What you need to know
- Microsoft Mesh is a new mixed reality platform that has been years in the making.
- Microsoft Mesh uses Azure, mixed reality, and 3D capture technology to beam a person's lifelike image into a virtual scene.
- Microsoft Technical Fellow Alex Kipman demoed the tech live at Microsoft Ignite.
- James Cameron, Niantic, and Guy Laliberté of Cirque du Soleil are working with Microsoft on the tech.
Microsoft Mesh: 'Holoportation' is getting real
In 2016, Microsoft broke the ice on its new HoloLens mixed reality platform, often demoing potential features that could arrive someday. One of those features was 'holoportation', the ability to be in a shared space with someone else virtually. The concept seemed straight out of Star Trek. Although only a rough demo, it was just two years later Microsoft showed advancements in the idea at Ignite 2019.
Today, holoportation becomes even more real as the Redmond software giant announces Microsoft Mesh – a new mixed-reality platform powered by its Azure cloud service. Like its previous holoportation concepts, Microsoft Mesh relies on "3D capture technology to beam a lifelike image of a person into a virtual scene."
The announcement came via a live demonstration of the platform at Microsoft Ignite delivered by Microsoft Technical Fellow Alex Kipman in real-time along with its partners Lune Rouge (Guy Laliberté), Niantic (John Hanke), and OceanX OceanX (Ray Dalio).
On stage, Microsoft and its partners demoed how Microsoft Mesh can enable new abilities and remote collaboration. James Cameron, the famous Hollywood filmmaker, discussed Ray Dalio's OceanX non-profit that "merges cutting edge science with compelling storytelling" to support ocean education and awareness. Collaborating with Microsoft, OceanX is able "to create a Mesh-enabled holographic laboratory" on its research vessel, OceanXplorer. Scientists on the OceanXplorer ship will be able to gather – either in-person or virtually- from labs around the world to see 3D holograms of the areas they're exploring."
Other demos from the CEO and founder of Niantic included a proof-of-concept around Pokémon GO that runs on HoloLens 2. Additionally, Guy Laliberté, founder of Lune Rouge and Cirque du Soleil, spoke about how Microsoft Mesh helped his company bring to life a project called Hanai World that connects "live and digital entertainment experiences into single events."
Turning back to Microsoft's primary mission of productivity, Mesh is also expected to play a significant role in digitizing future workspaces with the benefit of Azure's enterprise-grade security and privacy features:
Of course, the future of actual holograms is not quite here yet, as the company noted people "will initially be able to express themselves as avatars" at first, and then, over time, "use holoportation to project themselves as their most lifelike, photorealistic selves."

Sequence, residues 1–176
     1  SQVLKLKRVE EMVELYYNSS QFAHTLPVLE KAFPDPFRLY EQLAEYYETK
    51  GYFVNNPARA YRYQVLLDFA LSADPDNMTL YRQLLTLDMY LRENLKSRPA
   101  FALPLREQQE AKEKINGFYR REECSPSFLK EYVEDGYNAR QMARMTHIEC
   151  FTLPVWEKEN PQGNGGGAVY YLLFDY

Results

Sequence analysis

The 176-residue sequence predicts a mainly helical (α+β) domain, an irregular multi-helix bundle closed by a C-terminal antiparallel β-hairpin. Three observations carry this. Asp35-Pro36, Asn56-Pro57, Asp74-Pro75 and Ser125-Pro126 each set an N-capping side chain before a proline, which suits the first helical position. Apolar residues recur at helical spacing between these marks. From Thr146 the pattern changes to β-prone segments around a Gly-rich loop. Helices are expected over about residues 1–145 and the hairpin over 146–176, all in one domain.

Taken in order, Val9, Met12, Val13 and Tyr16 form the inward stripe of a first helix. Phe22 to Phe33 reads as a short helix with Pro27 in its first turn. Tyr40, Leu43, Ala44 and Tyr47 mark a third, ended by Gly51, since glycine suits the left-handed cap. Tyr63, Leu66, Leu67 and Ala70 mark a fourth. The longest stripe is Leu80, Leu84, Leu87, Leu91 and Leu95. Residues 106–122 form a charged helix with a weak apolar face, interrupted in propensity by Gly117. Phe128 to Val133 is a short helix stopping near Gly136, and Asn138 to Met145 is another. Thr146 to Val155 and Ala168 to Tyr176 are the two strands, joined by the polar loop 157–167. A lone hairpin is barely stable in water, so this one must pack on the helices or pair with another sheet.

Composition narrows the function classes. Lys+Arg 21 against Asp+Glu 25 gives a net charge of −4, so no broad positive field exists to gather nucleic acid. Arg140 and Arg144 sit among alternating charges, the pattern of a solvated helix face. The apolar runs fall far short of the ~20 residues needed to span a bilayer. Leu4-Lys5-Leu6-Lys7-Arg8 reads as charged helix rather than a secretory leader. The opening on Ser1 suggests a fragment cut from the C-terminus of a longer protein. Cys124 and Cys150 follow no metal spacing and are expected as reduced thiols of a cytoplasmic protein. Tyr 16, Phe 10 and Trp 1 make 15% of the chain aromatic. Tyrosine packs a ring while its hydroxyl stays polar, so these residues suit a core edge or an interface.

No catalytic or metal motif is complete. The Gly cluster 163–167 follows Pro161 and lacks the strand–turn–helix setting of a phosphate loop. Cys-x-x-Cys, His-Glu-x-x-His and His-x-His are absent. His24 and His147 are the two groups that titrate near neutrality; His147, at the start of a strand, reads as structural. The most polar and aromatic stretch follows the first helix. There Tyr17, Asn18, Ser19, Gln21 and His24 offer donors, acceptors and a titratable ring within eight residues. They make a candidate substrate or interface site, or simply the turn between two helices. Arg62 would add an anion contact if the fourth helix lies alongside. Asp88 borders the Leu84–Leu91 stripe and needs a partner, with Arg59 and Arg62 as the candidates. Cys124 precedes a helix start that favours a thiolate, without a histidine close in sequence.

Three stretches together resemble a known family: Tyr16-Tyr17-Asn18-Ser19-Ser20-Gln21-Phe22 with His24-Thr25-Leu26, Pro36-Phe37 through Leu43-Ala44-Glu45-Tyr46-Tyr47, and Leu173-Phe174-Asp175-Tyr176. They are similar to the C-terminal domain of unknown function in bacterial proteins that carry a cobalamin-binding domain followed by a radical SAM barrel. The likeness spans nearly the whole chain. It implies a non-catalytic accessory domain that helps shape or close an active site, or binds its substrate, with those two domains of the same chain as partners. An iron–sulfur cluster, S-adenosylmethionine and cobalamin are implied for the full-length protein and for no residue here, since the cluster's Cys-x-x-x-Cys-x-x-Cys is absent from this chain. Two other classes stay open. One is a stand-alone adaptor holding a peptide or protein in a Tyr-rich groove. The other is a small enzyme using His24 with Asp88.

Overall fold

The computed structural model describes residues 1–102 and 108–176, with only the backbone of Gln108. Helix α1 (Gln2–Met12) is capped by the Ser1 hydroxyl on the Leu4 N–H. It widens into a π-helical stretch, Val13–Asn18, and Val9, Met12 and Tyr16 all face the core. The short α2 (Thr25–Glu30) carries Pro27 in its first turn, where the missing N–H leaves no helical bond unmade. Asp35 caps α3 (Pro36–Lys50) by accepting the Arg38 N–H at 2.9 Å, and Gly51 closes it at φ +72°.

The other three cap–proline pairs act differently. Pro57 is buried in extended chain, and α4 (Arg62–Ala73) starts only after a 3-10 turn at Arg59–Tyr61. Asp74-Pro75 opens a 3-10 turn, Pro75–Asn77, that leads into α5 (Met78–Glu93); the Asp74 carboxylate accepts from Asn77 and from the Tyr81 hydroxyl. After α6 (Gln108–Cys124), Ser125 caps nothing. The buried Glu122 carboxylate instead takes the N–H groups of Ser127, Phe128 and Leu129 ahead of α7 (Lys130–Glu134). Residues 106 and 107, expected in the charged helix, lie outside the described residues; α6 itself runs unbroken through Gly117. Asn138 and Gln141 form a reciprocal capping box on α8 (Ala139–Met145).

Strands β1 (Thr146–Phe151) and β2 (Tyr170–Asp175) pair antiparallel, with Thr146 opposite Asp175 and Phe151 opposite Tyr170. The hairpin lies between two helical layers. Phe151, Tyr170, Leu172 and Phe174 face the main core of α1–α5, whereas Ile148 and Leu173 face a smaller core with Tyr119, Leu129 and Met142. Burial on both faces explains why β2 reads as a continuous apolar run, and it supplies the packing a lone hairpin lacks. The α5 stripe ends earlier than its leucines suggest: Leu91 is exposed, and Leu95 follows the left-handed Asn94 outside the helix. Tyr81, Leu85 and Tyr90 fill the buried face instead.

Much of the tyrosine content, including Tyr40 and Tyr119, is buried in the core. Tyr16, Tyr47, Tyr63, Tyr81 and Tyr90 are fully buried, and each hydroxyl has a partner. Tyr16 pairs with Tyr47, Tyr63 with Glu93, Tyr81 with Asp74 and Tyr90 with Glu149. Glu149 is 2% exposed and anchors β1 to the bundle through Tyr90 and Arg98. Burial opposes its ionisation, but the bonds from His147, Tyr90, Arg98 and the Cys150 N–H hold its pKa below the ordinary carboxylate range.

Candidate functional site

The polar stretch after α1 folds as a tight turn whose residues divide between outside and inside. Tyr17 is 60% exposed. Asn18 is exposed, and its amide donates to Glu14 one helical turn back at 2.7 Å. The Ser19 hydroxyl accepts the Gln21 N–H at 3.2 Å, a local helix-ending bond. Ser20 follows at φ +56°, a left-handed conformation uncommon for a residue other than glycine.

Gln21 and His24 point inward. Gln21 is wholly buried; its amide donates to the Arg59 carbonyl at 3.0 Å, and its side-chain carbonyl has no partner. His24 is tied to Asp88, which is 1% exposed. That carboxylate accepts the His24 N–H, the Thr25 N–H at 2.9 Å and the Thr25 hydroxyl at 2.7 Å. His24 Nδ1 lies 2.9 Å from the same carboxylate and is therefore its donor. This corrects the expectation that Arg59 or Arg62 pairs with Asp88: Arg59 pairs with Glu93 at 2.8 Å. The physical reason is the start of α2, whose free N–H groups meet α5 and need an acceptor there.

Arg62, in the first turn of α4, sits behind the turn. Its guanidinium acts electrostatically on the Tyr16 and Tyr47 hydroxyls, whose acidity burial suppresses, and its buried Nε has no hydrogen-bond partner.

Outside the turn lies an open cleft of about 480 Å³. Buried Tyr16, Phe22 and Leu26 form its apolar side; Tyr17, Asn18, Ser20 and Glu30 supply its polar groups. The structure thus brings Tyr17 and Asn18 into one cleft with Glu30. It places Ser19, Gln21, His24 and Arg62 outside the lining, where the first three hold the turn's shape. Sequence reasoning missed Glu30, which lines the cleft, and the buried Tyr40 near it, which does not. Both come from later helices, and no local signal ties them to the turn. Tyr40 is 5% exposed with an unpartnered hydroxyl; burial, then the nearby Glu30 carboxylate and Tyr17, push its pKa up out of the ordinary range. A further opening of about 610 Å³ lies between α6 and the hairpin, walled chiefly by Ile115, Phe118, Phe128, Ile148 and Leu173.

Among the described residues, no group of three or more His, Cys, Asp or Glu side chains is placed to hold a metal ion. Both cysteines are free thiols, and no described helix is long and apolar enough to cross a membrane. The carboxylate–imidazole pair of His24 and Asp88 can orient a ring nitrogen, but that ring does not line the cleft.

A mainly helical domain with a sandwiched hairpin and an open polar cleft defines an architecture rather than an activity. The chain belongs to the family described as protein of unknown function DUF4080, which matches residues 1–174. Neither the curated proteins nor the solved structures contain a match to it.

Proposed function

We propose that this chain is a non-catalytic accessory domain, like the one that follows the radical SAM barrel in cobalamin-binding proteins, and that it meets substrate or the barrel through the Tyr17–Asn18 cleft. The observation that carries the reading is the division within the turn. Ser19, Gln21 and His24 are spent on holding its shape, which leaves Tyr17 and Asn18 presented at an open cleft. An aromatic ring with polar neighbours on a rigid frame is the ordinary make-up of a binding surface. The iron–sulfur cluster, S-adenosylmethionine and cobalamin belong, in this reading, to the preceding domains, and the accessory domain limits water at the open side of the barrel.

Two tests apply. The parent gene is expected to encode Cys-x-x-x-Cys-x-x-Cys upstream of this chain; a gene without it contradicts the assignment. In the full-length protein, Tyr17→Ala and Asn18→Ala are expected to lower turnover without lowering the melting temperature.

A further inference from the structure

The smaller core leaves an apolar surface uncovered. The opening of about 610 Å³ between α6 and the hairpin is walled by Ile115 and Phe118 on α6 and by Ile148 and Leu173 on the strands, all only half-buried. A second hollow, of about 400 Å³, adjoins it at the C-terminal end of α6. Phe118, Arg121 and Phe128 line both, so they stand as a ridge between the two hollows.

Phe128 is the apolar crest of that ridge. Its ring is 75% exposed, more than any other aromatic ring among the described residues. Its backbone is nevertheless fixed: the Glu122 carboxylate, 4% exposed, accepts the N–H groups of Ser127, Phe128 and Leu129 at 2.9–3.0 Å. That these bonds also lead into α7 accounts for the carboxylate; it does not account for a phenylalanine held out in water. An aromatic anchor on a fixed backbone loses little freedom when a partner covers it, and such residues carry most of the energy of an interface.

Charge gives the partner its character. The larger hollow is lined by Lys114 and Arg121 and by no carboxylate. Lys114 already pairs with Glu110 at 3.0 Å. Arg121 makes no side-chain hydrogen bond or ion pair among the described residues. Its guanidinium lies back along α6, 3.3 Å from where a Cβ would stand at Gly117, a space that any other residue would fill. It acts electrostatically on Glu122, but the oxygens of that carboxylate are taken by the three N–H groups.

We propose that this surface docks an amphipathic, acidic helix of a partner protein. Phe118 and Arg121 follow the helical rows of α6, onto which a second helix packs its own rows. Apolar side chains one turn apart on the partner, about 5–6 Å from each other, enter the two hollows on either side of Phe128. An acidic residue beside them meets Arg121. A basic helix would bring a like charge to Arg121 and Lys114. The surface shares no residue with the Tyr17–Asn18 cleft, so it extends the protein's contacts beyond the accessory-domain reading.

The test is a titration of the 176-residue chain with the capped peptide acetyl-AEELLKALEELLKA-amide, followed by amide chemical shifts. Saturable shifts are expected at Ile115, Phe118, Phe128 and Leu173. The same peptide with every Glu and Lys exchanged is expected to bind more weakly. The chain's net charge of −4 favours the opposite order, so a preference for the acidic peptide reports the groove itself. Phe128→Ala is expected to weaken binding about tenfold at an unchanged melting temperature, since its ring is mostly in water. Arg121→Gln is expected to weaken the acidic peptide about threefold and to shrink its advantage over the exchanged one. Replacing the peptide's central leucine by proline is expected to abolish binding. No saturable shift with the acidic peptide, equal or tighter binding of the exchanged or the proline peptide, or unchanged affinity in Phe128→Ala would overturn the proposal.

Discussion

Microsoft Mesh: Coming soon (and open standards)
Microsoft Mesh is not just another concept. The new platform brings many of these new features – including "a full suite of AI-powered tools for avatars, session management, spatial rendering, synchronization across multiple users and holoportation" – in the coming months.
Although Microsoft's own HoloLens 2 mixed-reality headset is mainly featured with holoportation, the company noted the platform has "open standards," It will work across many devices, including other virtual reality headsets, smartphones, tablets, and even PCs.
Additionally, Microsoft is announcing the availability of the new Microsoft Mesh app for HoloLens and a new Mesh-enabled AltspaceVR (which Microsoft acquired in late 2017). AltspaceVR with Microsoft Mesh "will allow companies to hold meetings and work gatherings in virtual reality with enterprise-grade security features including secure sign-ins, session management, and privacy compliance."
Microsoft is also letting developers create new applications for the platform and plans to integrate the technology into Microsoft Teams and Dynamics 365.
HoloLens, but better
HoloLens 2 takes everything that made the original great and turns it up to 11. With a new carbon-fiber body, extra padding, eye tracking, and a wider field of view, the headset should have no problem finding success among developers and first-line workers.
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Daniel Rubino is the Editor-in-chief of Windows Central, head reviewer, podcast co-host, and analyst. He has been covering Microsoft since 2007 when this site was called WMExperts (and later Windows Phone Central). His interests include Windows, laptops, next-gen computing, and for some reason, watches. Before all this tech stuff, he worked on a Ph.D. in linguistics, watched people sleep (for medical purposes!), and ran the projectors at movie theaters because it was fun.